Angel, devil and blood-red heart appear at Martian south pole

An angel-like province of red sediment has appeared near the south pole of Mars. What created it?
An angel-like province of red sediment has appeared near the south pole of Mars. What created it? (Image credit: ESA)

It's summer at the south pole of Mars, and the angels and devils are coming out to play. You can see them both in a stunning new image of the recently thawed pole, taken by the European Space Agency (ESA).

The devils, it should be said, are made of dust. Just like on Earth, Martian dust devils form when a pocket of warm air suddenly rises through a column of cool air, creating a spinning updraft. (Unlike on Earth, these dusty cyclones can tower 6 miles, or 10 kilometers, high). You can see the scratchy-scratchy tracks of one such cyclone in the dark region to the far left of this image.

And as for the angel? For an explanation, we'll have to turn to the heavens. Take a close look at the "halo" around the angel's head, and you'll notice the steep, sloping walls of an impact crater. According to a statement from the ESA, this ethereal feature is the product of a meteorite collision that dug deep into the Red Planet's crust, building a crater and revealing the layers of ancient sediment below.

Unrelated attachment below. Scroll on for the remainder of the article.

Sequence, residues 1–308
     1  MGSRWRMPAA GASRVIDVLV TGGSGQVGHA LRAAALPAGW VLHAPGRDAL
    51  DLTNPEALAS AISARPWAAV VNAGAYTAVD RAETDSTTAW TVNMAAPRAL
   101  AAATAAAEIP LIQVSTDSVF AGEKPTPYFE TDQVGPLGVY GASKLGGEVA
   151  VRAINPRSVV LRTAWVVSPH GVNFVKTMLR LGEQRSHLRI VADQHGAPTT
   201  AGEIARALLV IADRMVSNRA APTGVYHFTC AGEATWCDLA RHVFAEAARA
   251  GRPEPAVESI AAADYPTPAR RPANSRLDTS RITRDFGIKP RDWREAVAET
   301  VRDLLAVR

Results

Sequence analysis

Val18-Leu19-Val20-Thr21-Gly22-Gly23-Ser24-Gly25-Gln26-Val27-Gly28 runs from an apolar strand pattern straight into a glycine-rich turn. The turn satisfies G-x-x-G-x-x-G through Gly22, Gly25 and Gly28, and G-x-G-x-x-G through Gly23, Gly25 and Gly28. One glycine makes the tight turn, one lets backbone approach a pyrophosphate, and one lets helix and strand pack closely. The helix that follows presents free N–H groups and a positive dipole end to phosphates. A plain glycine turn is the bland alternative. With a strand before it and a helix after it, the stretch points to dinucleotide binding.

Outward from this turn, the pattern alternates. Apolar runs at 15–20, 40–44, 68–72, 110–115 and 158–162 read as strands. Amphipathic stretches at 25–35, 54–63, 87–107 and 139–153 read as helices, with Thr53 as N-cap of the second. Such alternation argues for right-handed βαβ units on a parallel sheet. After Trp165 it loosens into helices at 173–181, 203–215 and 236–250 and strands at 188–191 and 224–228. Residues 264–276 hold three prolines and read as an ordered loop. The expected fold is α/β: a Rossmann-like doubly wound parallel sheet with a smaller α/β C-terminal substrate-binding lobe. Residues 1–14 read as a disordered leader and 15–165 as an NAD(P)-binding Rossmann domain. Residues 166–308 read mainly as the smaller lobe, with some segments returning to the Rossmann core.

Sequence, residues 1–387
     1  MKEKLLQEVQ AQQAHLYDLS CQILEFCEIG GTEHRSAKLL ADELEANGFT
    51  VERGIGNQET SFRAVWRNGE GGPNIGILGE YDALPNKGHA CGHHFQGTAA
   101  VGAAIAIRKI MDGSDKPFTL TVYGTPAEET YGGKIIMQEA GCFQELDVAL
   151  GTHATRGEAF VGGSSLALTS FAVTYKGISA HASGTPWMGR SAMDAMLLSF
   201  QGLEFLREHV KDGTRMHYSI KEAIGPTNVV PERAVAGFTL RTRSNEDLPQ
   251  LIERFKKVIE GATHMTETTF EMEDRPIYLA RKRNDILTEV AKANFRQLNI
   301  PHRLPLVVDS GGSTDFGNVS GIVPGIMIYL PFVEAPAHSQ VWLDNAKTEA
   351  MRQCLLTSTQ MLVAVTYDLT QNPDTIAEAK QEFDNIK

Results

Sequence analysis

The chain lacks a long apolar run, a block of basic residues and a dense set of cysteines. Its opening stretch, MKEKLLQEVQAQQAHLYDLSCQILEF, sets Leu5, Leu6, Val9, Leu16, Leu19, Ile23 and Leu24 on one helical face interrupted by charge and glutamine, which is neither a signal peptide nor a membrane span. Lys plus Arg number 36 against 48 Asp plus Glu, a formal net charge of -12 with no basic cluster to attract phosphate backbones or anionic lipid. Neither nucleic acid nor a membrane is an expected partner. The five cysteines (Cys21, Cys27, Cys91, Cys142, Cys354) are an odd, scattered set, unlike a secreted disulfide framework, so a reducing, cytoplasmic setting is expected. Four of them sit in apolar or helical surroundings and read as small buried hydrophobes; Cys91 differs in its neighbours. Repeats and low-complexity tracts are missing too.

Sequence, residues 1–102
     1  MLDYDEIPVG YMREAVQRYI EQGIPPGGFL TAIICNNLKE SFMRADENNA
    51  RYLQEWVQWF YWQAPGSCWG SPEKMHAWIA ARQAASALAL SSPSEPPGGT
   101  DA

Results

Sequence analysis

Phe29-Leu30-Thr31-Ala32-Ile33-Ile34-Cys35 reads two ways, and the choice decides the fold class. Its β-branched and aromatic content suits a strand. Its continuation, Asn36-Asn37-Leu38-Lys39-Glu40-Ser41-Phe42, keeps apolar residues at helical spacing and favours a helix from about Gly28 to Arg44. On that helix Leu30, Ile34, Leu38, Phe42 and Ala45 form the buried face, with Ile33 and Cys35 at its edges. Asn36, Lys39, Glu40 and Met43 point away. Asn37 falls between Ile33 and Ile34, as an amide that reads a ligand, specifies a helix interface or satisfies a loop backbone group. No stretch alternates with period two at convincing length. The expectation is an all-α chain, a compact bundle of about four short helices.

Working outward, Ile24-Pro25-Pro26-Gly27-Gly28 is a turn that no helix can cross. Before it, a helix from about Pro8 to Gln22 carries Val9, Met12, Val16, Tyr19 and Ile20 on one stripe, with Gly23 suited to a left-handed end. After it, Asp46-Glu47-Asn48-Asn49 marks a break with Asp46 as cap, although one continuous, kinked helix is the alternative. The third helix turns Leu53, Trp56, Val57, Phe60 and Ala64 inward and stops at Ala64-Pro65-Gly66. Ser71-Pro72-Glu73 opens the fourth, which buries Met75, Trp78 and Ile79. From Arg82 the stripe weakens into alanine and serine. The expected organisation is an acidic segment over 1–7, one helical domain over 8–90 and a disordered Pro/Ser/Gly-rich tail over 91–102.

In this topographic map, blue and purple regions show low altitudes while red, yellow and white regions show higher altitudes. Note the deep crater around the angel's head. (Image credit: ESA)

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Those old layers take on a dark-red hue and are visible in this image all through the angel's body as well as the heart-shaped structure below its right wing. What this reddish stuff is made of, scientists aren't sure. These strange, dark deposits are found all over Mars and are thought to be the result of ancient volcanic activity, long buried below the Martian crust, according to the ESA. Erosion, asteroid impacts and scathing winds have slowly brought these mysterious red scars to the surface.

This image was captured by the ESA's Mars Express spacecraft, which has been orbiting the Red Planet since 2004. These mysterious structures near the Martian south pole are visible now only because of the season; normally, the whole area would be covered in a 250-mile-wide (400 km) ice cap. Be thankful you don't have to shovel your car out of that.

Originally published on Live Science.

Brandon Specktor

Brandon is the space/physics editor at Live Science. His writing has appeared in The Washington Post, Reader's Digest,, the Richard Dawkins Foundation website and other outlets. He holds a bachelor's degree in creative writing from the University of Arizona, with minors in journalism and media arts. He enjoys writing most about space, geoscience and the mysteries of the universe.